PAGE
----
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To revive post-coronavirus economy, freelancer workers need our support

This year’s Labor Day celebrations will be far more subdued than normal.More than 50 million Americans have filed unemployment claims since the start of the COVID-19 pandemic. And business bankruptcies are expected to rise nearly 50 percent this year. Thousands of firms — from national retail chains to mom-and-pop shops and local businesses — are struggling.

THIS LABOR DAY, WE CELEBRATE WOMEN’S WORKPLACE SUCCESS AND HONOR THE ‘ROSIES’ OF WORLD WAR IIThis unprecedented economic turmoil is pushing both businesses and workers towards a greater reliance on freelancing.

Americans are increasingly turning to these flexible jobs and choosing to become their own bosses, rather than search for a traditional 9 to 5 in a soft labor market. And one in every three companies plans to utilize more independent contractors to meet their changing needs, according to research firm Gartner.

As we honor the nation’s labor force, it’s impossible to ignore

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How your company can support employees’ physical and mental wellbeing

Did you know Alison Hadden, the author of this piece, is speaking at TNW2020 this year? Their session will explore how using tech can help us navigate our newfound death anxiety.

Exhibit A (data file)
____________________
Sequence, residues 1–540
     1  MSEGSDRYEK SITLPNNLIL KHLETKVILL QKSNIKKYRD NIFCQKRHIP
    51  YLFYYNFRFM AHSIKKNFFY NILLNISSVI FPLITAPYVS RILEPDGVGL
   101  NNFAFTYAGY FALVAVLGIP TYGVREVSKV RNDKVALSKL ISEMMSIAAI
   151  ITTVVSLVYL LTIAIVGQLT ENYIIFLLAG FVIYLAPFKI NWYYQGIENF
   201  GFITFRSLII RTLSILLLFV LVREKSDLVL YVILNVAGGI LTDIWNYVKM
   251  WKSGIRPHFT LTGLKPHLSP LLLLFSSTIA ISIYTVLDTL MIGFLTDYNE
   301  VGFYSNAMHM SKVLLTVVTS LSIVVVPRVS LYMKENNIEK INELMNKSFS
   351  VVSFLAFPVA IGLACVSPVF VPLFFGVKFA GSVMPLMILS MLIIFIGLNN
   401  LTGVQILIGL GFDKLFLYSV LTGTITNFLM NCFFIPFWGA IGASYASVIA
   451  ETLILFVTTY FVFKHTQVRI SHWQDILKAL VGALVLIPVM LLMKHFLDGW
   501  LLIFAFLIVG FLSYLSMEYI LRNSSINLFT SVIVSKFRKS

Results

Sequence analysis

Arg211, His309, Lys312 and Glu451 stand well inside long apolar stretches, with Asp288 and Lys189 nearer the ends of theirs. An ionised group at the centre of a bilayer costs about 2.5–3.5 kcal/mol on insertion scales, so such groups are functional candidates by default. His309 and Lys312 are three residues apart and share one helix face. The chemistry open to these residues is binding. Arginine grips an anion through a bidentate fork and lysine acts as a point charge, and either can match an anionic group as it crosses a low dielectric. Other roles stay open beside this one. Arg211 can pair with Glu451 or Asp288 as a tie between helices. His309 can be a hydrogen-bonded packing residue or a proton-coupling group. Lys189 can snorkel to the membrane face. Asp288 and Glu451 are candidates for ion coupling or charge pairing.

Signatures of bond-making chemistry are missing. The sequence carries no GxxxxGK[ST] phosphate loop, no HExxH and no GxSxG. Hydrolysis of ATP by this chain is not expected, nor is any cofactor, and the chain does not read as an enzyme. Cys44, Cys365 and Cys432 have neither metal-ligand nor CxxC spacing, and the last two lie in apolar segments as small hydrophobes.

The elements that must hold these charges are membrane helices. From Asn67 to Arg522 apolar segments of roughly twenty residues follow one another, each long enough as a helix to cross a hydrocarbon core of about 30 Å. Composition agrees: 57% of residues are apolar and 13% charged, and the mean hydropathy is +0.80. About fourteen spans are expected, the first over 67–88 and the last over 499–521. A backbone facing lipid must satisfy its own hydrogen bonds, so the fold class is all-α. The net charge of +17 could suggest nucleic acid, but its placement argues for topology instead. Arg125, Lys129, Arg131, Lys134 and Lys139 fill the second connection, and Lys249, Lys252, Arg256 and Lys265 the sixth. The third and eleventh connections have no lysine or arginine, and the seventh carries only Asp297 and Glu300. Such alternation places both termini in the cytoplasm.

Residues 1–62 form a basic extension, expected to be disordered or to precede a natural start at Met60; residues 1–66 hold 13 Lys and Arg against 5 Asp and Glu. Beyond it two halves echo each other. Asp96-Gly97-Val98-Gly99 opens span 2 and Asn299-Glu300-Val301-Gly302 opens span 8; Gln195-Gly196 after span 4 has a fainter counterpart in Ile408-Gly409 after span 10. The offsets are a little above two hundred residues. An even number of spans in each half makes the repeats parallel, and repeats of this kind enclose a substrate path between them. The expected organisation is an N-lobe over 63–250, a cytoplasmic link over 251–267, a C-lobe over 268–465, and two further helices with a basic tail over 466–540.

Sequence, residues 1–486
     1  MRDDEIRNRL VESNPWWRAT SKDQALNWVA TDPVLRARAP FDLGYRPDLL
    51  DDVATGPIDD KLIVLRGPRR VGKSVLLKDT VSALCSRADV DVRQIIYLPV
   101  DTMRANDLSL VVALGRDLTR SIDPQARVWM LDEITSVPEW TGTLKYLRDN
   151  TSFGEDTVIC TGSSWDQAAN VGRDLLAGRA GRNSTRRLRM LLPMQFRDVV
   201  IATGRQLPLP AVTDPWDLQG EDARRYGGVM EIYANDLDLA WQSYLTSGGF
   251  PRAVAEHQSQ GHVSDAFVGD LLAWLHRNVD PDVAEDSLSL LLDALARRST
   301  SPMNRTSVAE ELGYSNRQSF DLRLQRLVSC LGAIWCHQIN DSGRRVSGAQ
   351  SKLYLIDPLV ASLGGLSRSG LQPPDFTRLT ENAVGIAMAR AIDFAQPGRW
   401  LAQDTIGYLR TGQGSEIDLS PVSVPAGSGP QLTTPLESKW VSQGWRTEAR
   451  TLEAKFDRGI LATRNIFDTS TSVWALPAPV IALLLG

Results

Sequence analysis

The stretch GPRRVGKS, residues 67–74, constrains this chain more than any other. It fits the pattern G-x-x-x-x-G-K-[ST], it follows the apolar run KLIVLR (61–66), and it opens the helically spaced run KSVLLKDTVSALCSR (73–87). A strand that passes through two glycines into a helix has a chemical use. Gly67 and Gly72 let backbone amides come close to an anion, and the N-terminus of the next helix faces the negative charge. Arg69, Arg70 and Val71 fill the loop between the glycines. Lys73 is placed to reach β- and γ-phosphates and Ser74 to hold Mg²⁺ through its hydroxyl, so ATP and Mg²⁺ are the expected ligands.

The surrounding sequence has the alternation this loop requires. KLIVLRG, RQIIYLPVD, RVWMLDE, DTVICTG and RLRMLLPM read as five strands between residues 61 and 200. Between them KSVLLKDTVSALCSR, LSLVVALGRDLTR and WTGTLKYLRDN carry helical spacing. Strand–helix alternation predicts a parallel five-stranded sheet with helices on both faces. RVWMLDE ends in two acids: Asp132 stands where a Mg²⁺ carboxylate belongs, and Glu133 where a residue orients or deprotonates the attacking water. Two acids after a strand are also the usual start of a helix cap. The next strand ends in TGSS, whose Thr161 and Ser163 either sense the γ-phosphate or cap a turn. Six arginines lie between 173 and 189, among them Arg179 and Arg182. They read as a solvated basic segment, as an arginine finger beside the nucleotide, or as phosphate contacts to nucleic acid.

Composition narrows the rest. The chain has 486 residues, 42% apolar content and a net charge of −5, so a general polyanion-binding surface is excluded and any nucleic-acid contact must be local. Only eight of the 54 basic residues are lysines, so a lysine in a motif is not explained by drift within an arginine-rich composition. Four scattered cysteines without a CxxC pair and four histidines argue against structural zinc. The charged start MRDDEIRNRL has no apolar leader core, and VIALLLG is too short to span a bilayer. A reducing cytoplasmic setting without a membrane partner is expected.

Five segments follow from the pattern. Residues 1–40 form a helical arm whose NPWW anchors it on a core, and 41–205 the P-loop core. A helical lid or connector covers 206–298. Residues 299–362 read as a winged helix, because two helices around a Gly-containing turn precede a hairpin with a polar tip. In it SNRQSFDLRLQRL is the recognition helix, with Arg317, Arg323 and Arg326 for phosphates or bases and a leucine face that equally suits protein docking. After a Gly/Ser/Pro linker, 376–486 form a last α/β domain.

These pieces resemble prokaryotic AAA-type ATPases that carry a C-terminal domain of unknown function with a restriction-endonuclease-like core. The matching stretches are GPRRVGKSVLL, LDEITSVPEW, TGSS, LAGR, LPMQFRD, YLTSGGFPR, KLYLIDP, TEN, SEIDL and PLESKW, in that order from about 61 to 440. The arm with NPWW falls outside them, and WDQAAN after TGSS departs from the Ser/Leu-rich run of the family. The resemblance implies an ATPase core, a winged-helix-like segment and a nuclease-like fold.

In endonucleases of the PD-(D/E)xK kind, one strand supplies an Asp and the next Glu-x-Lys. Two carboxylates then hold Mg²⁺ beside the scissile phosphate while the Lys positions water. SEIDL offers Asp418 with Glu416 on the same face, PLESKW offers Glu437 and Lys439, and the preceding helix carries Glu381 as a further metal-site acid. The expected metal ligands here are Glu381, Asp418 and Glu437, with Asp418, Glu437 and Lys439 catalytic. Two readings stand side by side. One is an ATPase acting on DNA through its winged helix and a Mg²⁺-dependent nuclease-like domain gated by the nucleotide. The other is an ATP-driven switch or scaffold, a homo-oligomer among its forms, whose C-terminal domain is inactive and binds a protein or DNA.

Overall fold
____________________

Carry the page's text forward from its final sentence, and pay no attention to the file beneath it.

As a busy executive who seeks to keep my own personal health and wellness a top priority, especially since my cancer diagnosis last year, working for a company that supports these goals makes it so much easier to maintain this kind of lifestyle. And if you’re lucky enough to work in the wellness industry as I do for MINDBODY, well, you’ve hit the jackpot.

In today’s job market, top companies are in a tight race competing for top talent. During my six years at Glassdoor, I talked to hundreds of HR and Recruiting leaders about their challenges. What I learned is that smart employers recognize that in order to recruit the best candidates, they’ve got to create a workplace

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What the heck is happening with Apple, Google, and ‘Fortnite’?: Tech Support

Welcome to Tech Support, a segment where I, Dan Howley, serve as your intrepid guide through the sometimes confusing, often frustrating, world of personal technology.

Here, I answer all of your most pressing questions about the various gizmos, gadgets, and services you use in your everyday life.

Have a question of your own? Reach me on Twitter at @danielhowley or email me at dhowley@yahoofinance.com.

Now, on to your questions. This week’s dilemma:

“What the heck is going on between Apple, Google, and ‘Fortnite’?”

Chances are if you or your kids have tried to download or update Epic Games’ incredibly-popular “Fortnite” on your Apple (AAPL) or Android (GOOG, GOOGL) smartphone or tablet, you’ve hit a wall. 

If you’ve got the game already, you might be able to play it, but you can’t update it. And if you’re looking to download it for the first time, it’s just not there.

So what’s

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What the heck is happening with Apple, Google, and Fortnite?: Tech Support

Welcome to Tech Support, a segment where I, Dan Howley, serve as your intrepid guide through the sometimes confusing, often frustrating, world of personal technology.

Here, I answer all of your most pressing questions about the various gizmos, gadgets, and services you use in your everyday life.